I am asking what is the difference between the above and .


    And the last doubt is .We are making gan as ganesh type what does it means???

    Shyam please clarify my doubts
    Ganesh Kumar
    Ranch Hand

    Joined: Jul 02, 2007
    Posts: 113
    class go{
    int i,j;
    void g(){
    int k=9;
    }
    }
    class come extends go{
    void f(){
    int y=10;
    }
    }
    class demo{
    public static void main(String args[]){
    go g=new go();
    come c=new come();
    g=c;
    go h=new come();
    h.f();

    }
    }



    Compiler says f() cannot be resolved.Can you please say me the answer for the previous post Remko


    Shyam Prasad Murarka
    Ranch Hand

    Joined: May 02, 2005
    Posts: 209
    Dear Ganesh,

    Compiler says f() cannot be resolved.


    That's because "h" is a variable of type "go" and the compiler checks for the f() method in class "go" and then it proceeds to the super classes. It DOES not check in the subclasses of "go".
    To access the methods of class "come", you need to explicitly downcast "h" object into type "come" and then use the f()method, like done below:


    But, you HAVE to be sure that "h" was originally created either with:
  • class "come" or
  • any subclass of "come"


  • Otherwise you will get ClassCastException.
    Shyam Prasad Murarka
    Ranch Hand

    Joined: May 02, 2005
    Posts: 209
    Dear Ganesh Kumar,
    Let's say you created an abstract class called Shape.

    AND, among many other methods that you have in this Shape class is a method called intersects() which returns a boolean.
    This method checks whether a Shape object touches another Shape object.

    Now, you could do it this way:


    Basically, you would be overloading the intersects method to perform operations for different shapes.

    You create subclasses such as Rectangle, Circle, etc.

    You now publish your very own Shape API into this world.

    Now, a person from Brazil wants to extend your Shape class and create HIS own arbitrary shape. He also wants to use your intersects() method to check whether HIS shape object touches a Rectangle, Circle, etc.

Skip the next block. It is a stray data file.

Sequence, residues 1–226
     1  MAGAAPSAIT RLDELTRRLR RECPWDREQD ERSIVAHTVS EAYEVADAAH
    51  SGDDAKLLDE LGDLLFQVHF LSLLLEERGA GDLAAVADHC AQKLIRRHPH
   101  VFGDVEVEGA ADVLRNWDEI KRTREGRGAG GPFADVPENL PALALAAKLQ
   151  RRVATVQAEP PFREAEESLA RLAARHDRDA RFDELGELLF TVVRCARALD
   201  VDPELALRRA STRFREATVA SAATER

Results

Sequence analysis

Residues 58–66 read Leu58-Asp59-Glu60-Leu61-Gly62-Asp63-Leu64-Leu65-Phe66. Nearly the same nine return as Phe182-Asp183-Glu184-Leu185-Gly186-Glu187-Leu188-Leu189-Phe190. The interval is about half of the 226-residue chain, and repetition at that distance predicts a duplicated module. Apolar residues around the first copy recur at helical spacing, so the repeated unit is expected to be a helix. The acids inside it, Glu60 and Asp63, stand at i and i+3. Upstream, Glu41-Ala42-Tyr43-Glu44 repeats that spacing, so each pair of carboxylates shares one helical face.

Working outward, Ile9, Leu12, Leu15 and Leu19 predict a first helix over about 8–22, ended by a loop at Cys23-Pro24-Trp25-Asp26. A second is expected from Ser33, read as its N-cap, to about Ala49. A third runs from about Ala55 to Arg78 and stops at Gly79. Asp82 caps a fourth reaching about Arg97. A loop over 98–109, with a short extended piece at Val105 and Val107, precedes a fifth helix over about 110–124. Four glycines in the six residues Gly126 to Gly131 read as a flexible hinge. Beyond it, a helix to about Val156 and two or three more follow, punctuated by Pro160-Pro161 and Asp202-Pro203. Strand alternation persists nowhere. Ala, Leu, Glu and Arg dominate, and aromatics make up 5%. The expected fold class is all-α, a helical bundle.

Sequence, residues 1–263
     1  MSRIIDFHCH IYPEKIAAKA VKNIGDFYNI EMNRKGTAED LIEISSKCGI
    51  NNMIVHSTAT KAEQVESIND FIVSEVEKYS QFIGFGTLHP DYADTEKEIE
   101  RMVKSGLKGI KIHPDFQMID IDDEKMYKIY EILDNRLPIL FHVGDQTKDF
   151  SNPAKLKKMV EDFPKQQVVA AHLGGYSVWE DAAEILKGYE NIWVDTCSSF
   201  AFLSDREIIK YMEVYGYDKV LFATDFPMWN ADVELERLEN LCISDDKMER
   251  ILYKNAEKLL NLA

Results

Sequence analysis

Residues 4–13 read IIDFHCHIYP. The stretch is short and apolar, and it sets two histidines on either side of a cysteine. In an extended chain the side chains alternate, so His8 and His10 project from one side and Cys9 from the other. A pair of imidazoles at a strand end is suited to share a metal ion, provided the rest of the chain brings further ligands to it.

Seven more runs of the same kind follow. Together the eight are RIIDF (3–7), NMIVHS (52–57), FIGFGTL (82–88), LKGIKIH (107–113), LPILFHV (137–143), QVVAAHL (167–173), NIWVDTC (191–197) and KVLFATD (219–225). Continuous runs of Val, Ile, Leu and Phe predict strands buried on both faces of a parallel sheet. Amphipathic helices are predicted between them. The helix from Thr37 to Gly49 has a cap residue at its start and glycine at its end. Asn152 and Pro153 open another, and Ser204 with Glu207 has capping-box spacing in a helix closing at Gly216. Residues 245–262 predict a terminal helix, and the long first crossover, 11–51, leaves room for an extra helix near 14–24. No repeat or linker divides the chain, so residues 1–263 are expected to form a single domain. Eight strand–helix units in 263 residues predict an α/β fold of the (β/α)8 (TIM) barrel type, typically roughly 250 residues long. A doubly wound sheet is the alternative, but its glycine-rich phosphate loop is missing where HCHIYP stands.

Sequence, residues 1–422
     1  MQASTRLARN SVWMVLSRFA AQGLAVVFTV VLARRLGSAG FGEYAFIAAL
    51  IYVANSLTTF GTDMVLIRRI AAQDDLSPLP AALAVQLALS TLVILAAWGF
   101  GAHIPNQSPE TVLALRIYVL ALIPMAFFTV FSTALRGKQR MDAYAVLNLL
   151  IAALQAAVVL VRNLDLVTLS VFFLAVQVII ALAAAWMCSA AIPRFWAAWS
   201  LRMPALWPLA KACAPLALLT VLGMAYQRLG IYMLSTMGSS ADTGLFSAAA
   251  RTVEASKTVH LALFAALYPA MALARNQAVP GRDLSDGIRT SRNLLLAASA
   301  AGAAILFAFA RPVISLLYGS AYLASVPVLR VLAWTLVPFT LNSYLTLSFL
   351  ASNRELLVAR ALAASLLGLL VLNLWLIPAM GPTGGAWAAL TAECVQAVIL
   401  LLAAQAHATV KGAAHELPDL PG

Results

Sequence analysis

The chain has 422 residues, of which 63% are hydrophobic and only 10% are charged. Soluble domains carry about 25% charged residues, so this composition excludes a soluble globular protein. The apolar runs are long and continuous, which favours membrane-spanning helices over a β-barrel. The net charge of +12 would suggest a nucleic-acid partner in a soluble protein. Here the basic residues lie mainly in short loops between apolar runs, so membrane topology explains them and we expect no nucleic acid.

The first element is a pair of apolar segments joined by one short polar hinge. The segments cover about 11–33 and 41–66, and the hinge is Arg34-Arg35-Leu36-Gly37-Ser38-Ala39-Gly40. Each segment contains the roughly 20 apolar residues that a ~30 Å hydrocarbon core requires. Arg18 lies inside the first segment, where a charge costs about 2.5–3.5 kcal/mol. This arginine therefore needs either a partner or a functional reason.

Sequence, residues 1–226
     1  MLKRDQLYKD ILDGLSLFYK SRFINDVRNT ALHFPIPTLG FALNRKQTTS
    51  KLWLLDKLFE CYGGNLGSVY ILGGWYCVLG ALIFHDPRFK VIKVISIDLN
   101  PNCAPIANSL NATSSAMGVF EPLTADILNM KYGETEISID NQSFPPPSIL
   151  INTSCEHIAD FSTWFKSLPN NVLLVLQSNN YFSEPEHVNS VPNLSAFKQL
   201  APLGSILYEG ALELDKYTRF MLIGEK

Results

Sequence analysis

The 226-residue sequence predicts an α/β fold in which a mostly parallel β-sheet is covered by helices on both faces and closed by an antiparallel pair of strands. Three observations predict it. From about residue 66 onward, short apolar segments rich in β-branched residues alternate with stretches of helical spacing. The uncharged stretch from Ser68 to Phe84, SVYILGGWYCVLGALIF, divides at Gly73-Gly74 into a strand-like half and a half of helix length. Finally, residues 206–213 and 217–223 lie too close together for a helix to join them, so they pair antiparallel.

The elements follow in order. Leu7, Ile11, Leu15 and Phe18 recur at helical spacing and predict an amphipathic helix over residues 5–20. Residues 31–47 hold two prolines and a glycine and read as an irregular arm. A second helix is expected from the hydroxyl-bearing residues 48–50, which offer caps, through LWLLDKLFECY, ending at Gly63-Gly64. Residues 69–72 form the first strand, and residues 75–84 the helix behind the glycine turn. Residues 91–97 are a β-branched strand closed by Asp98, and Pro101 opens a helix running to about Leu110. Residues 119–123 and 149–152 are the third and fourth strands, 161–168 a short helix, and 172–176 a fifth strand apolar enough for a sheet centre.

But, unfortunately, he can't! Because you haven't specified any overloaded method in the abstract class to support HIS shape. And that person is obviously NOT allowed to change your Shape class.

    So, how do you work around this?
    Simple, by generalizing the parameter accepted by intersects() method to Shape type.



    So, now any person from anywhere in this world could use HIS own shape and use your intersects() method simply by extending your Shape class.

    So, that's the power you get by doing Shape rect = new Rectangle();
    Or, as in your case, ganesh gan = new shyam();


    By Ganesh Kumar,
    If ganesh is super class and shyam is sub class.Can it access methods of shyam?


    In the above case, ganesh gan = new shyam(), you CAN access methods of shyam only if you explicitly downcast "gan" variable.

    So, in case of
    ganesh gan = new shyam()
    and
    ganesh gan = new ganesh(),
    the difference lies in how you use those variables.
    Upcasting (ganesh gan = new shyam()) can provide you a lot of power as shown above.

    Regarding your last doubt, tell me, what do you mean by int i?
    The same meaning holds true for ganesh gan!
    It means "i" is of type int and "gan" is of type ganesh.
    Ganesh Kumar
    Ranch Hand

    Joined: Jul 02, 2007
    Posts: 113
    thanks Shyam.To be frank their is little more doubt.Will contact you regarding that soon.
     
    I agree. Here's the link: http://aspose.com/file-tools
     
    subject: Type problem